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Need advice on making a quick version of a short vigilance/sustained attention task

red980red980 Posts: 4

Hello, I’m a novice in OpenSesame and Python (though I have experience with C++ and a few other languages). I’ve completed a few tutorials on here (e.g., cats and dogs, visual search, and the gaze cue). For my dissertation, I would like to create a short, visual sustained attention task and an equivalent auditory task. I found a potential pair of tasks that I could use, and I have supplied a snippet from a paper below describing the tasks (e.g., used in Galinsky, Rosa, Warm, & Dember, 1993; Scerra, 2013?; Shaw, 2006). Although these tasks have been used by many researchers, I haven’t found code, scripts, etc. that I can reuse. I want to adapt the task to have 1-minute trials instead of 10+ minute trials. Additionally, I plan on having a cross-modal condition (visual task + auditory stimulus presented) and an intra-modal condition (auditory task + additional auditory stimulus).
The closest task that I found on here is the conjunctive continuous performance task, but it would need to modified to work (and I need a task that is more demanding for shorter durations). Before I go through the trouble of designing and implementing the vigilance tasks below, I need to make a quick, hard-coded version of the vigilance task (visual or auditory) to see if it is suitable for my experiment. I’m thinking the following would work for now: a few trials (trial: 1-min duration and 25 events in that duration); 1 critical-target per trial; and different ISI for critical-target and noncritical targets (not randomized for now) in a trial. How can I implement this quickly with the least effort as possible? Any advice would be greatly appreciated!

From Scerra (mostly copied, but changed some):
“Vigilance Task. The experiment employed a 40-minute, high event-rate (25 events/min) task, wherein participants were asked to make successive critical-target discriminations. To avoid possible sex differences in spatial discriminatory ability (Dittmar et al., 1993), and to ensure equal discriminability across sensory modalities, critical targets were differentiated from noncritical targets on the basis of duration. To make comparisons across sensory modalities, perceptual load must be equated; however, the threshold for temporal discrimination varies by modality (Dember & Warm, 1979).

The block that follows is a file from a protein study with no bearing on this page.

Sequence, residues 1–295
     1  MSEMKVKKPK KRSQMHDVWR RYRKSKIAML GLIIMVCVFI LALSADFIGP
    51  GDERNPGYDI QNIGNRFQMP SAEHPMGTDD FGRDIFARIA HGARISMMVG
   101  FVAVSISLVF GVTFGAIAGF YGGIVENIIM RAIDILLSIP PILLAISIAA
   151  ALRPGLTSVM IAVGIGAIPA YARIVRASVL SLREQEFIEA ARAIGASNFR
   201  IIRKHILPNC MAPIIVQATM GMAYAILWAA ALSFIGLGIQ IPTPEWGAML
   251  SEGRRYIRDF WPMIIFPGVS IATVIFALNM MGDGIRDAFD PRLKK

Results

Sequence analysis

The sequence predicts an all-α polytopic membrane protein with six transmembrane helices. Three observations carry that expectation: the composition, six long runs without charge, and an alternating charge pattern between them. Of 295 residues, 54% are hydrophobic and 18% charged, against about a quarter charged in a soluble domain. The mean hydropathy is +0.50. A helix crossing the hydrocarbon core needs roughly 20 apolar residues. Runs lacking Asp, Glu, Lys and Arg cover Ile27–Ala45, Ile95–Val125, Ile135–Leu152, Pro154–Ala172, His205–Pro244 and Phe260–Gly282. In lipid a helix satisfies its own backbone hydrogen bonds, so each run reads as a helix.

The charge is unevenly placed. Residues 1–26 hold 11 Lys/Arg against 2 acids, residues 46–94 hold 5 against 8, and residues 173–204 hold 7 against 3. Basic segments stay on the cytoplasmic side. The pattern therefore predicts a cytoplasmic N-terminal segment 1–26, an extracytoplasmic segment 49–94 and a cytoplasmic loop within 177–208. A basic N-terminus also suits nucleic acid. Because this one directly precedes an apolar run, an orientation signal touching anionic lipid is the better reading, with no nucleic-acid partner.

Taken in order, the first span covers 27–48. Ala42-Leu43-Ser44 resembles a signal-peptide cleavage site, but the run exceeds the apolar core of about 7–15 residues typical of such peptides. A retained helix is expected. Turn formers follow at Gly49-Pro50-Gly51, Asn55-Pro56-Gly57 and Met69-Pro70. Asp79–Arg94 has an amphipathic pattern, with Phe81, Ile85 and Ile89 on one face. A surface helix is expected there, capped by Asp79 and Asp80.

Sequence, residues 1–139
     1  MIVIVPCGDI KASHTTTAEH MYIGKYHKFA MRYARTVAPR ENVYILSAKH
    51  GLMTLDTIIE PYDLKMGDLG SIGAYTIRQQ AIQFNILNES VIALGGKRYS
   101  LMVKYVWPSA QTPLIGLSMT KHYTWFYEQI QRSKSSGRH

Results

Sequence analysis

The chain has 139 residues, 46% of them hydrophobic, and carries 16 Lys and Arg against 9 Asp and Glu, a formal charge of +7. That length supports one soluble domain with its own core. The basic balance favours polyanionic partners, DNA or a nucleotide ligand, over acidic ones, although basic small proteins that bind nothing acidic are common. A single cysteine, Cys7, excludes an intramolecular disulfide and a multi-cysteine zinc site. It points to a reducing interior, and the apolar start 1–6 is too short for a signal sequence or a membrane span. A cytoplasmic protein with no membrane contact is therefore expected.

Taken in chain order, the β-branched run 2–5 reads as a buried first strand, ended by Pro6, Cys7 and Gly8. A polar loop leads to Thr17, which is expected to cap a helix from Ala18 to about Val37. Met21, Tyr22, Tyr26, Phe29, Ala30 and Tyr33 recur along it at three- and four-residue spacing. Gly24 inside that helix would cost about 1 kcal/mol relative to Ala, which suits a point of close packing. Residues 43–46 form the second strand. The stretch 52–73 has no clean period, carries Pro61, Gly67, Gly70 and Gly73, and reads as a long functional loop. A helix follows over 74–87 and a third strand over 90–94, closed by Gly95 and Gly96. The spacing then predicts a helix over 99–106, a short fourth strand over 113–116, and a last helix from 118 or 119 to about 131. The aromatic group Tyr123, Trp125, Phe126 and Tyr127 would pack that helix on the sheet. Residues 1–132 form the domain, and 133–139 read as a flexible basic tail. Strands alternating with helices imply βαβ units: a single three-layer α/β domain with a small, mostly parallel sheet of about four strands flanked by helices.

- In the visual condition, the stimulus for both noncritical (247.5 ms) and critical (125 ms) events was a 3 x 9.5 cm horizontally oriented white bar presented against a dark grey background.
- The auditory stimulus was a 440 Hz tone, presented binaurally for 247.5 ms in the critical condition, and 200 ms for critical signals.
- The task event rate was a mean of 25 events/min based on non-target event interstimulus intervals (ISI) randomly selected from the values of 1.2, 2.0, and 2.7 s. The ISI values were selected to introduce temporal uncertainty in the presentation of events, thus circumventing rote responding, while still maintaining the rate of 25 events/min.
- Critical events were set to comprise 4% of total signals, or approximately ten per every ten-minute period of the task, with critical signal ISI randomly selected from the values of 24, 36, 48, 60, 92, and 100 s (Dittmar, et al., 1993)”

, T. L., Rosa, R. R., Warm, J. S., & Dember, W. N. (1993). Psychophysical determinants of stress in sustained attention. Human Factors: The Journal of the Human Factors and Ergonomics Society, 35(4), 603-614.
Scerra. Effect of sensory modality on performance, workload, and frontal lobe oxygenation in a standard vigilance task.
Shaw, T. H. (2006). Effects of signal modality and event asynchrony on vigilance performance and cerebral hemovelocity (Doctoral dissertation, University of Cincinnati).

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